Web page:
IMPLEMENTATION EXAMPLES: Suppose a Perl program were to import some Tcl module with an import pattern of "c*" -- something that might be expressed in Perl 6 as use tcl:Some::Module 'c*'. This operation would import all the commands that start with 'c' from the given Tcl namespace into the current Perl namespace. This is so because, regardless of whether 'c*' is a Perl 6 style export pattern, it is a valid Tcl export pattern.

{XXX - The ':' for HLL is just proposed. This example will need to be updated later.}

IMPLEMENTATION NOTE: Most namespace export_to implementations will restrict themselves to using the typed interface on the target namespace. However, they may also decide to check the type of the target namespace and, if it turns out to be of a compatible type, to use same-language shortcuts.

DESIGN TODO: Figure out a good convention for a default export list in the base namespace PMC. Maybe a standard method "expand_export_list()"?

Compiler PMC API

Methods

parse_name

Parse the name in $S3 using the rules specific to the compiler $P2, and return an array of individual name elements.

For example, a Java compiler would turn 'a.b.c' to ['a','b','c'], while a Perl compiler would turn 'a::b::c' into the same result. Meanwhile, due to Perl's sigil rules, '$a::b::c' would become ['a','b','$c'].

get_namespace

Ask the compiler $P2 to find its namespace which is named by the elements of the array in $P3. If $P3 is a null PMC or an empty array, get_namespace retrieves the base namespace for the HLL. It returns a namespace PMC on success and a null PMC on failure.

This method allows other HLLs to know one name (the HLL) and then work with that HLL's modules without having to know the name it chose for its namespace tree. (If you really want to know the name, the get_name() method should work on the returned namespace PMC.)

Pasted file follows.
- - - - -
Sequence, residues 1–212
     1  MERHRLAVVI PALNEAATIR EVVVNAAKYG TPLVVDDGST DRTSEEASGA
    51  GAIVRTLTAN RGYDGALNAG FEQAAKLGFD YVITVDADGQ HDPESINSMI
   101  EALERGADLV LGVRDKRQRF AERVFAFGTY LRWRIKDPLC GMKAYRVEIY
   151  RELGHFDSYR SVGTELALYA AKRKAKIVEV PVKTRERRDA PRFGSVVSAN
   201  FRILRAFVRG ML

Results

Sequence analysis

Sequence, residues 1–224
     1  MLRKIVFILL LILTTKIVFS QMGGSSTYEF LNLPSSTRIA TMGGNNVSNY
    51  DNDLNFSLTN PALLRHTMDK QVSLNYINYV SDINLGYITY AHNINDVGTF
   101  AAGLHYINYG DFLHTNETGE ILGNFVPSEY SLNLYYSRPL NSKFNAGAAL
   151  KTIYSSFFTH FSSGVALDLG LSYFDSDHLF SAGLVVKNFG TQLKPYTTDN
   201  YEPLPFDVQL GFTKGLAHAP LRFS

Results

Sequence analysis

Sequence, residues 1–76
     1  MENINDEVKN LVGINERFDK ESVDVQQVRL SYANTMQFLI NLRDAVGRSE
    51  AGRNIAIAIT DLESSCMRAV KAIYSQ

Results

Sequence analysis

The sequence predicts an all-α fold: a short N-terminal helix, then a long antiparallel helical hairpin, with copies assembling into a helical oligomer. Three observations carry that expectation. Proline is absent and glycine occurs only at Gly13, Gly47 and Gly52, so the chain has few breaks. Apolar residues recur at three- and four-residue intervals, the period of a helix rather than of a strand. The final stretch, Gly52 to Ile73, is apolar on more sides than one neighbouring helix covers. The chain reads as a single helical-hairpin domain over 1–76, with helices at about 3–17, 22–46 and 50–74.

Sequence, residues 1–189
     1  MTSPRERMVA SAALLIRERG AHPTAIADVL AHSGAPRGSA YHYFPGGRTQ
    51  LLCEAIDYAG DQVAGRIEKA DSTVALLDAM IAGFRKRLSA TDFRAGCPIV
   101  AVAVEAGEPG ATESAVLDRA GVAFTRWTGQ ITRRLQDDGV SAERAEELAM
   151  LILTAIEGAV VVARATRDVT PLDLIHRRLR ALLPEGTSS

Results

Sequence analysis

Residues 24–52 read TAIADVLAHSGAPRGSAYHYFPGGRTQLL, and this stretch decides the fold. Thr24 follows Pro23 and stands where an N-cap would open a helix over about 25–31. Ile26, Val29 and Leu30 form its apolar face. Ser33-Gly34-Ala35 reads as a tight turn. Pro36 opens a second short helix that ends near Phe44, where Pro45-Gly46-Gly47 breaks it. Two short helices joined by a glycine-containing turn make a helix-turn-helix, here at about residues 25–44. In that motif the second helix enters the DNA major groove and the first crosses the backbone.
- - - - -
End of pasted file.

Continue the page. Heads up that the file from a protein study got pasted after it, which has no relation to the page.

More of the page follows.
Note that this method is basically a convenience and/or performance hack, as it does the equivalent of get_root_namespace followed by zero or more calls to <namespace>.get_namespace(). However, any compiler is free to cheat if it doesn't get caught, e.g. to use the untyped namespace interface if the language doesn't mangle namespace names.

load_library

Ask this compiler to load a library/module named by the elements of the array in $P2, with optional control information in $P3.

For example, Perl 5's module named "Some::Module" should be loaded using (in pseudo Perl 6): perl5.load_library(["Some", "Module"], null).

The meaning of $P3 is compiler-specific. The only universal legal value is Null, which requests a "normal" load. The meaning of "normal" varies, but the ideal would be to perform only the minimal actions required.

On failure, an exception is thrown.

Subroutine PMC API

Some information must be available about subroutines to implement the correct behavior about namespaces.

Methods

get_namespace

Retrieve the namespace $P1 where the subroutine $P2 was defined. (As opposed to the namespace(s) that it may have been exported to.)

Namespace Opcodes

The namespace opcodes all have 3 variants: one that operates from the currently selected namespace (i.e. the namespace of the currently executing subroutine), one that operates from the HLL root namespace (identified by "hll" in the opcode name), and one that operates from the true root namespace (identified by "root" in the name).

set_namespace

Add the namespace PMC $P1 under the name denoted by a multidimensional hash key.

Add the namespace PMC $P2 under the name denoted by an array of name strings $P1.

get_namespace

Retrieve the current namespace, the HLL root namespace, or the true root namespace and store it in $P1.